The 1.0 release marks the end of the beginning, so to speak. We just left the Shire, Frodo! Stratis is a viable product, but there's so much more to do. Integrating more high-value device-mapper layers, more integration with other storage APIs (both "above" and "below"), more flexibility around adding and removing storage devices, while keeping the UI clean and the admin work low, is the challenge.

Stratis is going to need some major help to get there. For people interested in doing development, testing, packaging, or using Stratis, I invite you to visit our website and GitHub, or just keep tabs by following the project on Google Plus or Twitter.

04 Oct 2018 10:44pm GMT

02 Oct 2018

feedKernel Planet

Linux Plumbers Conference: 2018 Linux Plumbers Conference is almost completely full

Due to overwhelming demand for tickets to the Linux Plumbers Conference, there are no additional registrations available at this time.

As we finalize the makeup of microconferences, refereed talks, and so on, there will be some spots available. We will be making them available to those who have expressed interest as fairly as we can and as soon as we can. We plan to contact the recipients of the first batch of released slots by October 8. There may be another, likely smaller, batch notified thereafter.

Those interested in attending the conference, should send a request to contact@linuxplumbersconf.org to get on the waiting list. In the unlikely event that the waiting list has been exhausted, we will release any remaining registrations on a first-come-first-served basis by mid-late October.

LPC [1] will be held in Vancouver, British Columbia, Canada from Tuesday, November 13 through Thursday, November 15.

[1] https://linuxplumbersconf.org/

02 Oct 2018 9:34pm GMT

Linux Plumbers Conference: CLANG/GCC/GLIBC Toolchain Microconference Accepted into 2018 Linux Plumbers Conference

The interaction between toolschain components such as GCC, GLIBC, and CLANG/LLVM with the Linux kernel and with underlying hardware has evolved rapidly. The corresponding communities continue to push on the limits of what is possible, due to new silicon as well as the performance and security changes of the past year.

Specific topics include support for control-flow enforcement technologies (CET), loop-nest optimization flag changes, optimized x86_64 math functions, unified API for new ports, emulation fallback for system calls, handling deprecated kernel support (such as PowerPC HTM support), building the Linux kernel with CLANG, and ARMv8.5 features.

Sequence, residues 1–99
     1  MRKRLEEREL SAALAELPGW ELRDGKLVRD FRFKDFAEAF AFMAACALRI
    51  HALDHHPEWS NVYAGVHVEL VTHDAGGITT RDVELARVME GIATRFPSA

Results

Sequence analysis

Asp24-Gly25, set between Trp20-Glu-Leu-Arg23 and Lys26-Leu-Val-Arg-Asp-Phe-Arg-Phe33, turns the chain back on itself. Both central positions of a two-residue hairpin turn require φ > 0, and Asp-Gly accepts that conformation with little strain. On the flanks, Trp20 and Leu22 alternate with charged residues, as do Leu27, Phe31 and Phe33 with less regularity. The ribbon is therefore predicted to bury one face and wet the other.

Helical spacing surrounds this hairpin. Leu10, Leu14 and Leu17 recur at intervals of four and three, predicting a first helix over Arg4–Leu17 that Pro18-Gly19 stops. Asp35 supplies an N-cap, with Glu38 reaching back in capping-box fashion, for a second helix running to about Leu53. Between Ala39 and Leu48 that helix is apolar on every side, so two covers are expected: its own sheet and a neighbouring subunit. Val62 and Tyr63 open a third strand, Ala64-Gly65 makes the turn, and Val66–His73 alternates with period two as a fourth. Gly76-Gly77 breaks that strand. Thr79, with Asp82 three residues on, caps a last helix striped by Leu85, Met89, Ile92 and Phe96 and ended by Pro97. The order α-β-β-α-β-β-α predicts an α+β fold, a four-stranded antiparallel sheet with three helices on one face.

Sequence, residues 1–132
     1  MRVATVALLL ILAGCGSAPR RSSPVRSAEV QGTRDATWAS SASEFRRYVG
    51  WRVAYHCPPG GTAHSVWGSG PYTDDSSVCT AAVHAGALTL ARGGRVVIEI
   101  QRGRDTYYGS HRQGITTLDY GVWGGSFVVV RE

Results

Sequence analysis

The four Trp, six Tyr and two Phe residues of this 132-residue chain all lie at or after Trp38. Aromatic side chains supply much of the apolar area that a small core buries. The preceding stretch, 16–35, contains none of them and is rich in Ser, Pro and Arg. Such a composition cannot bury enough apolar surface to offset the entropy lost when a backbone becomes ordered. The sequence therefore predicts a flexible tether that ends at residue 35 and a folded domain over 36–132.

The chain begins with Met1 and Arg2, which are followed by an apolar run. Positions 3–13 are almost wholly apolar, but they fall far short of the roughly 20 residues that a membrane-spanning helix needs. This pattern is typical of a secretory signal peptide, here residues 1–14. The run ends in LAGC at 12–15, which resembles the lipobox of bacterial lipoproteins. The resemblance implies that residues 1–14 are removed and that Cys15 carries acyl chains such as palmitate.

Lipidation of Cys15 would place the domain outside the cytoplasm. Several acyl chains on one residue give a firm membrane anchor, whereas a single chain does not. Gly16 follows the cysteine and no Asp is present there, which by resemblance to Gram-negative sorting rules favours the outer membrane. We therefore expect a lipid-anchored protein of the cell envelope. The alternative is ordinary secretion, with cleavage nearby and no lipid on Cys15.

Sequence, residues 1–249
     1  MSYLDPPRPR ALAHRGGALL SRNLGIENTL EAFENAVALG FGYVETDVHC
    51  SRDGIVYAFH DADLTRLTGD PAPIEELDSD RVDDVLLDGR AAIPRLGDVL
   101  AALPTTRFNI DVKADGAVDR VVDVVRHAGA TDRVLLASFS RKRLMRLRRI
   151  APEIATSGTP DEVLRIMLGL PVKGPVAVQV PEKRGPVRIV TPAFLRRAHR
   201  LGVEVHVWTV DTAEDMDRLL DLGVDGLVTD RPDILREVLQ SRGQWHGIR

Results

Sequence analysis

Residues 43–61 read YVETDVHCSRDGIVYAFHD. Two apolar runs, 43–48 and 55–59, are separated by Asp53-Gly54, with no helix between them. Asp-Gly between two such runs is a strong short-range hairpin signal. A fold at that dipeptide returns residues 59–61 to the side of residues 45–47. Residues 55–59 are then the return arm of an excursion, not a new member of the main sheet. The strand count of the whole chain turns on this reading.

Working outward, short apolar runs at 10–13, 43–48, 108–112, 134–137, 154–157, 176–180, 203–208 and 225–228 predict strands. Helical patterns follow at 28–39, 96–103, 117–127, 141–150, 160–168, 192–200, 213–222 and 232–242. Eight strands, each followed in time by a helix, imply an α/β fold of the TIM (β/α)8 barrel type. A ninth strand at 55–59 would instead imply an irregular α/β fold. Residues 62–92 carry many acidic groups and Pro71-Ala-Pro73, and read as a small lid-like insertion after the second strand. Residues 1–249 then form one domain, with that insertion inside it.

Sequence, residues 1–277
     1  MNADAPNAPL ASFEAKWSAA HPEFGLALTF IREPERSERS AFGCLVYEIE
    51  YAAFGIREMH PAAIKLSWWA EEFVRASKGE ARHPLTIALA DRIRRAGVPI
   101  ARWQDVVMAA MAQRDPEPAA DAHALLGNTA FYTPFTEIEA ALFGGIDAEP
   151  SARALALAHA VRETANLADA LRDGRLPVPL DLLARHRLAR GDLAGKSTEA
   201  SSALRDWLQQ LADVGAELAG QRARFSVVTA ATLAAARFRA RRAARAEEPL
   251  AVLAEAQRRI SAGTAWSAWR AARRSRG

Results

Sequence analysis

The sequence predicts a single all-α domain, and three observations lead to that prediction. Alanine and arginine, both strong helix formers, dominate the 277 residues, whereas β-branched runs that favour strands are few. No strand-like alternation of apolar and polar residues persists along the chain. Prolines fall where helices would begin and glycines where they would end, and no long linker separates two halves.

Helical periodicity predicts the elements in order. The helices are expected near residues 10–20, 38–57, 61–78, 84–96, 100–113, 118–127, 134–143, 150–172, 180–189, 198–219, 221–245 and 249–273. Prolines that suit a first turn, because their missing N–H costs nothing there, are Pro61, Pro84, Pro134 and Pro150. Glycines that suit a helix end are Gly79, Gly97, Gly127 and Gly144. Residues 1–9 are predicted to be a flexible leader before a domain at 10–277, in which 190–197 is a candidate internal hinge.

If you would like to contribute to this discussion, please feel free to contact Victor Rodriguez (vm.rod25atgmail.com), H.J. Lu (hjl.toolsatgmail.com), Adhemerval Zanella (adhemerval.zanellaatlinaro.org), David Edelsohn (dje.gccatgmail.com), or Siddhesh Poyarekar (siddheshatgotplt.org).

We hope to see you there!

02 Oct 2018 3:46am GMT

27 Sep 2018

feedKernel Planet

James Morris: 2018 Linux Security Summit North America: Wrapup

The 2018 Linux Security Summit North America (LSS-NA) was held last month in Vancouver, BC.

Attendance continued to grow this year, with a record of 220+ attendees. Our room was upgraded as a result, with spectacular views.

LSS-NA 2018 Vancouver BC

Linux Security Summit NA 2018, Vancouver,BC

We also had many great proposals and the schedule ended up being a very tight fit. We've asked for an extra day for LSS-NA next year - here's hoping.

Slides of all presentations are available here: https://events.linuxfoundation.org/events/linux-security-summit-north-america-2018/program/slides/

Videos may be found in this youtube playlist.

Once again, as is typical, the conference was focused around development, somewhat uniquely in the world of security conferences. It's interesting to see more attention seemingly being paid to the lower parts of the stack: secure booting, firmware, and hardware roots of trust, as well as the continued efforts in hardening the kernel.

LWN provided some excellent coverage of LSS-NA:

Paul Moore has a brief writeup here.

Thanks to everyone involved in the event for 2018: the speakers, attendees, the program committee, the sponsors, and the organizing team at the Linux Foundation. LSS-NA would not be possible without all of you!

27 Sep 2018 8:06pm GMT

26 Sep 2018

feedKernel Planet

Pete Zaitcev: Postres vs MySQL

Unexpectedly in the fediverse:

[...] in my experience, postgres crashes less, and the results are less devastating if it does crash. I've had a mysql crash make the data unrecoverable. On the other hand I have a production postgres 8.1 installation (don't ask) that has been running without problems for over 10 years.

There is more community information and more third-party tools that require mysql, it has that advantage. the client tools for mysql are easier to use because the commands are in plain english ("show tables") unlike postgres that are commands like "\dt+". but if I'm doing my own thing though, I use postgres.

Reiser, move over. There's a new game in town.

26 Sep 2018 1:15am GMT

25 Sep 2018

feedKernel Planet

Linux Plumbers Conference: Regular Registration Quota Reached

Thank you all for the extremely strong interest in participation to the 2018 Linux Plumbers Conference this year.

At this point, all of the regular registration slots for LPC 2018 have sold out.

There will be a very limited number of registrations available on a first come first serve basis going forward.

Those interested in attending the conference, should send a request to contact@linuxplumbersconf.org to get on the waiting list.

We will process people as quickly as possible as slots initially allocated to sponsors, microconferences and speakers get released.

25 Sep 2018 8:52pm GMT